UM Data Science Research Seminar
The UM Data Science Research Seminar Series are monthly sessions organised by the Institute of Data Science, on behalf of the UM Data Science Community, in collaboration with different departments across UM with the aim to bring together data scientists from Maastricht University to discuss breakthroughs and research topics related to Data Science.
This session is organised in collaboration with the MERLN Institute for Technology-Inspired Regenerative Medicine.
Time: 12:00 - 12:30
Title: Development of ideal bone graft substitutes using data-driven approaches
Speaker: Yousra Alaoui Selsouli
Abstract: Over 20 million people suffer from bone injuries annually, and the prevalence of this global clinical problem is rapidly increasing due to the aging of the population. Autologous bone transplantation, commonly used for regenerating large, critical-sized bone defects, is usually associated with important limitations such as donor site morbidity, limited availability of the tissue and additional surgical time. Therefore, there is a growing need for effective and preferably synthetic bone graft alternatives, which can be inexpensive and available off-the-shelf.
In contrast to the conventional one-experiment-for-one-material methods for developing new biomaterials, our aim is to develop a platform that allows high-throughput production and screening of advanced functional biomaterials for bone repair. Recent microfluidic-based developments, for example, allow for the high-throughput production and screening of combinatorial libraries of biomaterials and using such approaches, results in generating a large dataset, containing many interrelated parameters involved in the complex mechanism of tissue regeneration. Including advanced data-driven approaches in the biomaterials field, contribute in a better understanding of the biomaterials properties, increasing the efficiency of the biomaterials production and unraveling the role of biomaterials properties on the biological mechanisms involved in biomaterial-induced tissue formation.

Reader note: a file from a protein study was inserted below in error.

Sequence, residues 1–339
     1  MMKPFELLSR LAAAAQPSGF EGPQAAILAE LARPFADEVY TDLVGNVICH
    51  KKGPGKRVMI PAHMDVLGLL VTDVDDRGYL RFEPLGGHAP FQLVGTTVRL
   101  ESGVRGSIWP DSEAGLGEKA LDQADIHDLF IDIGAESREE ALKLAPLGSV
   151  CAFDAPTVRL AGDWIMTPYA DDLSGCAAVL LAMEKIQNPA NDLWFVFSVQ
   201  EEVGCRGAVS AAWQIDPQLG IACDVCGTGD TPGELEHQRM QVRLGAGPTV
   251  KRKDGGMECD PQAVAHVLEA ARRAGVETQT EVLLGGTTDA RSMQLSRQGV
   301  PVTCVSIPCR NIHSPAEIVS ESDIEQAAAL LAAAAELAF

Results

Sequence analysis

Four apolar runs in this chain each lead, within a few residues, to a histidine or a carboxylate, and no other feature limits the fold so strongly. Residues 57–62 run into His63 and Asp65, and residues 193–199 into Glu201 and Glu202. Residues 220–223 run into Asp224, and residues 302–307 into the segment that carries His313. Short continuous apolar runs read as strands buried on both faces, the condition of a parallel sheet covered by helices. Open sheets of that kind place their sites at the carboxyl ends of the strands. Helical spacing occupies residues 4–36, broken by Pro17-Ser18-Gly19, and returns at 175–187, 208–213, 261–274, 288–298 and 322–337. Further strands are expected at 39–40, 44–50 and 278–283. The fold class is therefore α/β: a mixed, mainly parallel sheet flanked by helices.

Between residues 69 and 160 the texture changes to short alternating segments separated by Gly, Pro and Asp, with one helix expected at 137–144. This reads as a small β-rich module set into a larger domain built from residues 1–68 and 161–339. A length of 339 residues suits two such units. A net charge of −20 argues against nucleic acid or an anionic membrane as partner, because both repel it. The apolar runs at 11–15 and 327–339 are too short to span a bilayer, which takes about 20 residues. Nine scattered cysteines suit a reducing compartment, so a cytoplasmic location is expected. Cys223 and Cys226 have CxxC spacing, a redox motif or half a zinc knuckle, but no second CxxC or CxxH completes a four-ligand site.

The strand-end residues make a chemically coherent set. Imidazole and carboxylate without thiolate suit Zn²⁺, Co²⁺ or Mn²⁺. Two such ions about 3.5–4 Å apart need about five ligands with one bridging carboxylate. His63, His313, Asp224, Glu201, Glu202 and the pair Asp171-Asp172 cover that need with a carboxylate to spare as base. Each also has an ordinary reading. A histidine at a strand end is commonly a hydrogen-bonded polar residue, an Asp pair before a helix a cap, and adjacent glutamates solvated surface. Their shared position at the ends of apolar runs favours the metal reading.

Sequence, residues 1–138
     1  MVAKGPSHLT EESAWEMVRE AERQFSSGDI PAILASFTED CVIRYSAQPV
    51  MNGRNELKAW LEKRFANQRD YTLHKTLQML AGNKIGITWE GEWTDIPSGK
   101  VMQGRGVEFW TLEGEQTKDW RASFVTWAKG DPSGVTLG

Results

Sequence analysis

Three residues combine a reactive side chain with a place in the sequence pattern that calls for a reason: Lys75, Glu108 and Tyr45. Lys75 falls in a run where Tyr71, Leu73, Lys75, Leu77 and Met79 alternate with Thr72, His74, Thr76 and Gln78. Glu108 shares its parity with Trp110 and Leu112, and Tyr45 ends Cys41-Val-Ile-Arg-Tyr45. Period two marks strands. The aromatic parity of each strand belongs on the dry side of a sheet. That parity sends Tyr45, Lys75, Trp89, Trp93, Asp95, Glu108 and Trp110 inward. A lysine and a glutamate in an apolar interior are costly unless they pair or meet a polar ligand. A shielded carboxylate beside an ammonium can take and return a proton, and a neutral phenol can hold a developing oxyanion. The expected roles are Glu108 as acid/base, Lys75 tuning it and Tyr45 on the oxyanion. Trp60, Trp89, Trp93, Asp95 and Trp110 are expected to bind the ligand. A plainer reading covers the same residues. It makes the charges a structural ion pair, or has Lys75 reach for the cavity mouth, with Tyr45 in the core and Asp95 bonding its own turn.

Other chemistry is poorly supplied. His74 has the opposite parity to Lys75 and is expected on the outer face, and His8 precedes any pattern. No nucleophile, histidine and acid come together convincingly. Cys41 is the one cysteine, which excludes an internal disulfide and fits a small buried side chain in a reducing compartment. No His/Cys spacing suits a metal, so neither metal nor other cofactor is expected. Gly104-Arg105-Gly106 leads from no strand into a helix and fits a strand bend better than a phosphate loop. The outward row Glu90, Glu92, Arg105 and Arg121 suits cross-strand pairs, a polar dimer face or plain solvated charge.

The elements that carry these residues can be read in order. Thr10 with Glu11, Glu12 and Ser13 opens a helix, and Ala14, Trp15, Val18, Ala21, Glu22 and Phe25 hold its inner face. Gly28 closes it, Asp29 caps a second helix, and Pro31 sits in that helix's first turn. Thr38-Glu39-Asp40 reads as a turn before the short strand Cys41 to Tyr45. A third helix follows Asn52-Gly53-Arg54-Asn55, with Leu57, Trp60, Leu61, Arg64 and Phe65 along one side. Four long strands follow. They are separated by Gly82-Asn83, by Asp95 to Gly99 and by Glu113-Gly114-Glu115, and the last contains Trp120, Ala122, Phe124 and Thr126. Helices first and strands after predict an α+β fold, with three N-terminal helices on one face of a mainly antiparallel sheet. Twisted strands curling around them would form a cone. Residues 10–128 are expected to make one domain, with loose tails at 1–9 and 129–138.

Time: 12:30 - 13:00
Title: Win, lose or tie: a computational model of the competition at the cell-ECM interface
Speaker: Zeynep Karagöz
Abstract: The extracellular matrix (ECM) is a mesh of fibrous proteins that form the basis of the tissue architecture and structurally supports the cells. Biophysical cues provided by the ECM are translated into biochemical signals by transmembrane integrin molecules.
Understanding the interaction between the ECM and integrin molecules is particularly important when designing instructive biomaterials and organoid culture systems. Previous studies suggest that fine-tuning the ECM composition and mechanical properties can improve organoid development. Towards the bigger goal of fully functional organoiddevelopment, we hypothesize that resolving the dynamics of ECM-integrin interactions will be highly instructive. To this end, we developed a mathematicalmodel that enabled us to simulate three main interactions, namely integrinactivation, ligand binding and integrin clustering.
Different from previously published computational models, we account for the binding of more than one type of ligand to the same type of integrin. This competition between ligands defines the fate of the system. We have demonstrated that the ligand with higherbinding rate occupies more integrins at the steady state than does the competing ligand. Whereas the changes of the ligand abundances in the system define the timing of binding and clustering events. Future work will focus on extending the model with intracellular pathways, including developing data-driven approaches to identify and calibrate the pathways of interest. With cell type specific, quantitative input on integrin-ligand binding rates, this model can be used to develop instructive cell culture systems.